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Red Sox 6, Mariners 4: Welcome Back, Reese McGuire

Chaim wouldn’t explicitly buy or sell at the deadline, but it doesn’t matter to the team, who won pretty convincingly.

Boston Red Sox v Seattle Mariners Photo by Maddie Malhotra/Boston Red Sox/Getty Images

Trade deadline day was overwhelming, as I feel like most Tuesdays have been lately. Though, while most trade deadlines have been emotional because we’ve had to say goodbye to beloved members of the team, sometimes in favor in pieces that bring us closer to being a complete team, Chaim Bloom has again played it safe and non-committal at the deadline, acquiring just a fringe major-league infielder in Luis Urias, albeit one with a 20 home-run season in 2021. This came at the price of High-A pitching prospect Bradley Blalock, a 22-year old with a propensity for strikeouts and mid-90’s fastball, who’s also adding a nasty sinker to his repertoire who I’ve grown fond of this season.

Nevertheless, if “work smarter not harder” as a philosophy has one subscriber, it’s Chaim Bloom, but he forgets that he often outsmarts himself with this logic and comes out behind, as evidenced by the multiple players who’ve gone onto greener pastures in their statline shortly after departing Boston. This “aw shucks, we stayed quiet for you guys!” act has gotten entirely too old for a team contending for a playoff spot against all odds this season, and it felt like an evasion that management and talking heads points towards the injured help on the way back as the team’s major acquisitions in the hunt. Great, I’ll remember that after the three openers in six days in the interim. But anyhow, there was baseball played tonight against the Seattle Mariners, who took a selling stance in this deadline. And it’s Bello Day! Let’s get to that.

In the first inning, it seemed like not even the allure of it being Bello Day could save the bad taste in my mouth, as Brayan quickly allowed two men on and Jarren Duran had a weird motion on the throw from a Eugenio Suarez drive that ended up going down as an error and scored J.P. Crawford. Somehow, Bello got out of the inning with just the one run allowed, and looked like Brayan Bello again after a shaky last couple of starts.

On Seattle’s mound, Bryce Miller was getting out of innings efficiently as well.... until the fourth inning. Masataka Yoshida started it off with a double, perhaps signaling the beginning of the end of this slump. Devers took a walk, and Adam Duvall was drilled in the previously injured wrist by a Miller inside ball, but stayed in the game. Two batters later, Christian Arroyo drilled a ground rule double that jolted into the stands to score two. And Reese McGuire, finally back after an injury stint that felt ten times as long, drove Duvall in on a sac fly. Yu Chang struck out, as is becoming commonplace. I’ll skip my second “would be nice to get some movement at the deadline!” quip of this article following the Duvall injury scare and subsequent Chang poor at-bat to praise Bello for getting out of innings just as quickly as Miller, and with less scoring. Jarren Duran created a double out of a ball that would be a single from probably any other batter I’ve ever watched, and Verdugo smacked a ball into the stands as if to reward that speed, and all of a sudden, the score was 5-1.

Bello’s night wasn’t all roses, as Suarez again got to him for a two-run shot with two outs in the 5th to make it 5-3, directly following two strikeouts. All Reese McGuire did in response in the top of the sixth was hit his first home run of the year and end Bryce Miller’s night after 5 23 innings and six runs. Welcome back, Reese!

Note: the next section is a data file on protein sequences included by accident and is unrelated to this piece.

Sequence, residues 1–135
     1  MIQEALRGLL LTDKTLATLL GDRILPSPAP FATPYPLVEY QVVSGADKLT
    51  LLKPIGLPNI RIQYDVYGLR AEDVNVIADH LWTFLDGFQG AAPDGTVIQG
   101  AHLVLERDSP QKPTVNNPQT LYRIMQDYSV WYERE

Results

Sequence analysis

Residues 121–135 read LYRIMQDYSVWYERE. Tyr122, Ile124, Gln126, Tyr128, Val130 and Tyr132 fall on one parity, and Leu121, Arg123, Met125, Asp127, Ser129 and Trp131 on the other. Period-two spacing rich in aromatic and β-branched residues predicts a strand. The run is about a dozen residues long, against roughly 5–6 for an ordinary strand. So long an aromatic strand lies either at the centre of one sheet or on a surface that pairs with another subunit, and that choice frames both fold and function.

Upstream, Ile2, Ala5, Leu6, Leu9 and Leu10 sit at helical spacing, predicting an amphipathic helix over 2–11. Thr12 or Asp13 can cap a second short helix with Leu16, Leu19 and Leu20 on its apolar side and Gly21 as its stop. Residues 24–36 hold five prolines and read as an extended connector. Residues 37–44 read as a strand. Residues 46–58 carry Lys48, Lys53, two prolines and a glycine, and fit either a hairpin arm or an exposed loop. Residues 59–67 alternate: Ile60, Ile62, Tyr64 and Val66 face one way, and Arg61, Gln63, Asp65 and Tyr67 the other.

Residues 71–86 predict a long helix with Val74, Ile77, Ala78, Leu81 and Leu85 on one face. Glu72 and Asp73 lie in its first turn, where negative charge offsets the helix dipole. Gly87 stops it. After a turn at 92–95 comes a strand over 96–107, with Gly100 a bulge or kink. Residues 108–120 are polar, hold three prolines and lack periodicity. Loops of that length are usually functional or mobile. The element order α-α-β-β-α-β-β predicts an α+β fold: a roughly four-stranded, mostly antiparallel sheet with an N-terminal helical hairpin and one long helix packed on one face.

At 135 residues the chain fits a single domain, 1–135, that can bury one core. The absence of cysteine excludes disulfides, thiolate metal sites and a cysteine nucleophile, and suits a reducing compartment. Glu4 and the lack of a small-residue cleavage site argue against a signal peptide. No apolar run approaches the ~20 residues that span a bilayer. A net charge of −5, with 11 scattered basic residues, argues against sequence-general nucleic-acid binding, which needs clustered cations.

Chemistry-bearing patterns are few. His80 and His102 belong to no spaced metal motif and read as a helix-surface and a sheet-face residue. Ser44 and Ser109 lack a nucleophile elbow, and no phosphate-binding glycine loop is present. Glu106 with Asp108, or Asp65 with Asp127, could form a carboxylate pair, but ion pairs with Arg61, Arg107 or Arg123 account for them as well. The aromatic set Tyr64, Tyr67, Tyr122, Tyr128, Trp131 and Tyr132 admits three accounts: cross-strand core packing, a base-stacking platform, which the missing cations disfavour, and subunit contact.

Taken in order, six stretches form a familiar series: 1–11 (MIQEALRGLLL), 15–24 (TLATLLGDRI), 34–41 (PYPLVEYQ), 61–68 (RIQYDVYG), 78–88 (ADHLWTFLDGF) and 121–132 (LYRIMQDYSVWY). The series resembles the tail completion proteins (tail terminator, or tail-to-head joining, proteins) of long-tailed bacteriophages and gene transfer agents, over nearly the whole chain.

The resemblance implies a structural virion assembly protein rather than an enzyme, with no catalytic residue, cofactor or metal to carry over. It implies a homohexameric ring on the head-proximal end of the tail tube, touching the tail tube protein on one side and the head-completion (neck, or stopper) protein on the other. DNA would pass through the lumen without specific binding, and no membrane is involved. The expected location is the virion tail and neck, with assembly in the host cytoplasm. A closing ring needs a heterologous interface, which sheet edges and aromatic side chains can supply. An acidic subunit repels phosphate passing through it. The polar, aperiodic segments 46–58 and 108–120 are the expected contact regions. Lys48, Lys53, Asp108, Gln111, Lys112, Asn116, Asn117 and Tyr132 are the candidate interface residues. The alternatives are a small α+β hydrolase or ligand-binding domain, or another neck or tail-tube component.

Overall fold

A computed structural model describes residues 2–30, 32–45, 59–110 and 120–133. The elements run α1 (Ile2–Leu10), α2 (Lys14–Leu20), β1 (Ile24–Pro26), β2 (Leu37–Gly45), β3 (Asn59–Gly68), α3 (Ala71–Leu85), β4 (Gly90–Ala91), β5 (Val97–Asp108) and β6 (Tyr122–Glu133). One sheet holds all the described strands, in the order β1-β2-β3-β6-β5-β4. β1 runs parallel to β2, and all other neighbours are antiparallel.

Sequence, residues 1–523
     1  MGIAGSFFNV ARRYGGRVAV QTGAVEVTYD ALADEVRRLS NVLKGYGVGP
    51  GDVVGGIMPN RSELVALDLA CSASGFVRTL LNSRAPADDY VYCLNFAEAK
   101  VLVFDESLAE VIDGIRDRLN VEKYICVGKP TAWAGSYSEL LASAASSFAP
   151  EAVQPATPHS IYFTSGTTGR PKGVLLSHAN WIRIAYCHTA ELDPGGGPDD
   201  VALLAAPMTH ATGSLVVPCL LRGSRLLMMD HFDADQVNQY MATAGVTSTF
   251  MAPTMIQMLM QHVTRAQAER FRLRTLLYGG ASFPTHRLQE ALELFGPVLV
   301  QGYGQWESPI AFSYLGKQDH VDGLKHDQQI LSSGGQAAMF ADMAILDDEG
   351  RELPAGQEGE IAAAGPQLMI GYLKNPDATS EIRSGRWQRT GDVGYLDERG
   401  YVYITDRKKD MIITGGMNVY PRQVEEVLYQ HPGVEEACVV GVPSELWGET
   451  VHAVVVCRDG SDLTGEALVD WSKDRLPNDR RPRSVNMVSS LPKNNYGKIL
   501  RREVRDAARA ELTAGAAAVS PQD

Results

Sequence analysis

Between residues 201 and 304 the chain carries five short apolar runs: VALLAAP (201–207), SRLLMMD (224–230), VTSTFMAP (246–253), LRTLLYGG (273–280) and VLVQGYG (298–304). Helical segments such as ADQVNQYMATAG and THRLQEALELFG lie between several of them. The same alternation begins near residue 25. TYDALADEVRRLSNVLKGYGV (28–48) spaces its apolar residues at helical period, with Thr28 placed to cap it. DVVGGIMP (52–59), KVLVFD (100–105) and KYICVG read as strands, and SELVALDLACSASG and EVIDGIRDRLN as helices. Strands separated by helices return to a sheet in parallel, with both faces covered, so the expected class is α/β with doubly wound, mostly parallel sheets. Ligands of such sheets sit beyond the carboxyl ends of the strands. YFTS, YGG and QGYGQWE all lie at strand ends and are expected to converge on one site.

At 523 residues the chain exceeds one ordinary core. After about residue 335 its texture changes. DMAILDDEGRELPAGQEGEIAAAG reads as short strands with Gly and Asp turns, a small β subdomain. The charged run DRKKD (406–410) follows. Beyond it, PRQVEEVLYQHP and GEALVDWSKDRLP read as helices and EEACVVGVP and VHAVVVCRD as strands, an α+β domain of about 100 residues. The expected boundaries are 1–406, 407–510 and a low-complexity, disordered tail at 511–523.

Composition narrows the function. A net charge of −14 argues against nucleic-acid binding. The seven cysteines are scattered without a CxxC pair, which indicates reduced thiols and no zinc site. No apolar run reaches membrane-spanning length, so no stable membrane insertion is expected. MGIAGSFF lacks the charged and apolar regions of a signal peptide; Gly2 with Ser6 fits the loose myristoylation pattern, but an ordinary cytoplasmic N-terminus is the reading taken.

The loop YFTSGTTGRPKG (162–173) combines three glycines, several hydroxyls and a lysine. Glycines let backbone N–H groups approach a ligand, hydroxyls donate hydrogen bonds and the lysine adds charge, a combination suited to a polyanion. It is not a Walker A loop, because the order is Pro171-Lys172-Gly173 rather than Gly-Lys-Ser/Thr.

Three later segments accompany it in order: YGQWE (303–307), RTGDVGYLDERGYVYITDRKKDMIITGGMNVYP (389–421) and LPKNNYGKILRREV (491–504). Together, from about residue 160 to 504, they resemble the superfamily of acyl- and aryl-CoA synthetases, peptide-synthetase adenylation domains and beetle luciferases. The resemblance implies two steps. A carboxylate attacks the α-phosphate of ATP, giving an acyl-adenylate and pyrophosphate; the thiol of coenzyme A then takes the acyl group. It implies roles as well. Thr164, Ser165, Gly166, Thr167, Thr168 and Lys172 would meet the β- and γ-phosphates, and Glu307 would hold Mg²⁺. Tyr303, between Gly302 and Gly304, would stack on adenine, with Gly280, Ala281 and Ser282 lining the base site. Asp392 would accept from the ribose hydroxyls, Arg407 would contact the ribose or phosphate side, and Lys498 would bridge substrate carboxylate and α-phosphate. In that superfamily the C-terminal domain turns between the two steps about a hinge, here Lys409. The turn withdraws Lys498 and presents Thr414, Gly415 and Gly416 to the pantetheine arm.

Seattle proved that two could play at that game, as Bello’s pitches started to be easier to read and he was tagged for two consecutive doubles to drive Dominic Canzone home for his first run as a Mariner, making the score 6-4 and driving this back into the “another consecutive shaky Bello start” category, and returning the bad taste to my mouth. Luckily, after France advanced to third, Jarren Duran continued his redemption arc from his earlier error, sliding for a web gem on a weakly hit fly to end the inning and keep Bello in line for the win heading into the seventh.

Chris Martin had a mostly quiet seventh, and Josh Winckowski was working along towards a quiet eighth before Triston Casas had a sloppy throw to catch a runner advancing to third that skipped past Rafael Devers, for the Red Sox’s second error of the night. Winkowski, though, skillfully got out of the jam.

A quiet Sox half-frame later, and Kenley Jansen was in for the save. He did not disappoint. The Red Sox snap a 3-game losing streak to tie the series before tomorrow’s afternoon rubber game, and wash away some of the dismay we feel from the silent trade deadline. Luckily, the product that takes the field, albeit extremely streaky, finds ways to win even on weak nights. They better be good, because, with the exception of some guys who will be moved due to these acquisitions, uh, I mean players returning from injury, they’re who we have for the rest of the season, no matter how the remainder ends up. Excited?

Three Studs:

Jarren Duran: 1-5, 1 RBI, 1 E, but sound defense throughout, error notwithstanding

Alex Verdugo: 1-4, RBI, HR, BB, K

Reese McGuire: 1-2, 2 RBI, HR

Three Duds:

Yu Chang: 1-4, 2 K, rough defense

Rafael Devers: 0-3, 1 R, BB, 2 K

Brayan Bello: 6 IP, 8 H, 4 ER, 2 BB, 7 K

Play of the Game:

While WPA would suggest it was Arroyo’s double to score two, a lead change the Red Sox never looked back from, I have to go with Duran’s single-double here. This is a player that, time and time again, creates extra bases and run opportunities, and this is a perfect example, from the pure speed to how clean he cut that corner rounding first. Exemplary base running from a player truly on another level this season.